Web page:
We want to work with all of you to make progress on these vital issues.

And I am also working to get both public and private finance moving.

And to make further progress in this area, the UK’s COP26 Presidency will hold a Climate and Development Ministerial at the end of March.

We will bring together Ministers representing donor countries and countries vulnerable to climate change.

To establish how we can remove barriers to climate action and development.

Together, we will look at four vital issues: access to finance; quantity & predictability of finance; the response to impacts; and fiscal space and debt.

And we will plan how to make progress on each of these areas, through events like the G7, IFI Spring Meetings, and the UN General Assembly.

Discussions will be informed by experts and civil society groups.

We will be working with regional chairs to make sure all regions are represented.

The event will also be open to observers from countries who are not directly participating.

The fourth and final goal is to enhance international collaboration around critical challenges and sectors. To make progress faster.

Our COP26 campaigns have established new forums.

Like the Energy Transition Council, and the Zero Emission Vehicle Transition Council. Which met for the first time last year.

We also have the Forest, Agriculture and Commodity Trade Dialogues, which were launched publicly last week.

We have seen a real appetite for cooperation. And I thank all countries involved.

On all of these four goals, major economies must show leadership.

Let me confirm to you that the UK will use its G7 Presidency to urge them to do so, as our Italian partners will with their G20 presidency.

Of course, the multilateral negotiations are at the heart of our plans.

They underpin each of the four goals I have outlined, and are absolutely key to fulfilling the Paris Agreement.

We must test solutions, and prepare the ground, ahead of COP26, so that we arrive in Glasgow ready to close a deal.

Last year, we did make progress virtually despite the pandemic. We had events like the UN Climate Change Dialogues and others.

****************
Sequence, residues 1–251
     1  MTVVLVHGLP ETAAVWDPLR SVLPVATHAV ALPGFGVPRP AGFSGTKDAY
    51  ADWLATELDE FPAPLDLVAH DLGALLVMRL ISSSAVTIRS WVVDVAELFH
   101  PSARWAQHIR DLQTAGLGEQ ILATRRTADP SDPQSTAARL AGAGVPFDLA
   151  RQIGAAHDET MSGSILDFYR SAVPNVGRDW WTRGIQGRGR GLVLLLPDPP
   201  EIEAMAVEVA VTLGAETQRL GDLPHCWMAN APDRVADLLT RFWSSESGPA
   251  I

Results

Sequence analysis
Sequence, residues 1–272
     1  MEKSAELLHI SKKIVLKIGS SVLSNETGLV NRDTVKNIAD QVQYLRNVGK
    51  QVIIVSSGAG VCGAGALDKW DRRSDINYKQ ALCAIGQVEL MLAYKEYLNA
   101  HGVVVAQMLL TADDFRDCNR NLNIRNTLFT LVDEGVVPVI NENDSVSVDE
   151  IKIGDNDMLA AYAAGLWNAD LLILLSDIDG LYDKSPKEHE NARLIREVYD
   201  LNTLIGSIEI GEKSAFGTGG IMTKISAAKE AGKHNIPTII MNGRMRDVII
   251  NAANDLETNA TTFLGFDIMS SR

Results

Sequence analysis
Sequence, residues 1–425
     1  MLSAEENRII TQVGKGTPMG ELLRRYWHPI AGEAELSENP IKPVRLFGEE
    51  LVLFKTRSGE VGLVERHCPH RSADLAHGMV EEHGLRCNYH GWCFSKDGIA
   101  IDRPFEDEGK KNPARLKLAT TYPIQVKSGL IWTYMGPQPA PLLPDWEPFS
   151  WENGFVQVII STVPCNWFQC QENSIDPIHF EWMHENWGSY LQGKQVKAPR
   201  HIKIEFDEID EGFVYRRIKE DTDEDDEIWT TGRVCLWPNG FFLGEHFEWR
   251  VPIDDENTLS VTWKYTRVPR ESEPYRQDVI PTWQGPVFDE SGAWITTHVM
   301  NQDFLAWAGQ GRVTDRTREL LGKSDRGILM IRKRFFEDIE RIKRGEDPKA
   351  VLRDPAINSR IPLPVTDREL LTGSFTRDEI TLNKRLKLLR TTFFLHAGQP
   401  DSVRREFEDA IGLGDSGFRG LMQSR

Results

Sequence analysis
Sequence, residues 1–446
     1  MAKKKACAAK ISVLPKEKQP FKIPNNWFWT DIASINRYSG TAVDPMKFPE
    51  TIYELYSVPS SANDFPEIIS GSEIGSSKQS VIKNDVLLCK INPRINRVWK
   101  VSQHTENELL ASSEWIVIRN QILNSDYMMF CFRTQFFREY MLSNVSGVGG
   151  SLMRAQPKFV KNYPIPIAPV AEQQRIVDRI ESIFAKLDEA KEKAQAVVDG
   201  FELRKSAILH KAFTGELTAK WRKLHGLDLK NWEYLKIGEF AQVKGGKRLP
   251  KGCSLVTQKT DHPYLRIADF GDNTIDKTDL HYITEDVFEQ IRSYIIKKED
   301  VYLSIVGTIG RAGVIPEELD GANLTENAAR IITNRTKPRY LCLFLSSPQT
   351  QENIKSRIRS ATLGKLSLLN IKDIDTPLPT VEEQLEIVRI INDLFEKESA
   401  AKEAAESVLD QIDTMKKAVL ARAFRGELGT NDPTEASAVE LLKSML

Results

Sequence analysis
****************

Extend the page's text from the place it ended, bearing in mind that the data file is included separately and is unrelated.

But this year cannot simply be a repeat of the last.

As the Secretary General has outlined, we may not all be able to meet in person for some months.

And we need to make progress faster. And seek creative ways of conducting our discussions that have inclusivity at their heart.

I am therefore consulting with the chairs of all the UNFCCC negotiating groups. And meeting international partners. To understand their positions.

As Ambassador Woodward pointed out, I have recently visited Ethiopia and Gabon and will continue to travel where possible.

With Chile, we have initiated new monthly meetings, bringing together Heads of Delegation from every country,

to chart the course to Glasgow together and to find possible solutions to negotiating issues.

Friends, I have to say this: this is a joint endeavour.

So we are working with the UNFCCC to support parties’ connectivity. We are holding meetings at times that respect different time zones. And we are discussing how technology can help us move forward together.

We must continue to work creatively and flexibly, guided by the principles of transparency, inclusivity and common purpose, to make progress which is so vital.

So that when we do meet in person in November, we secure an outcome that delivers for each and every country. And that delivers for our planet as a whole.

And I look forward to working with you all throughout 2021 to achieve this.

We all know what is at stake if we do not work now to secure the right outcomes at Glasgow, delivering a balanced outcome for all countries.

Let me remind you: we have 266 days to go until Glasgow. And every day counts.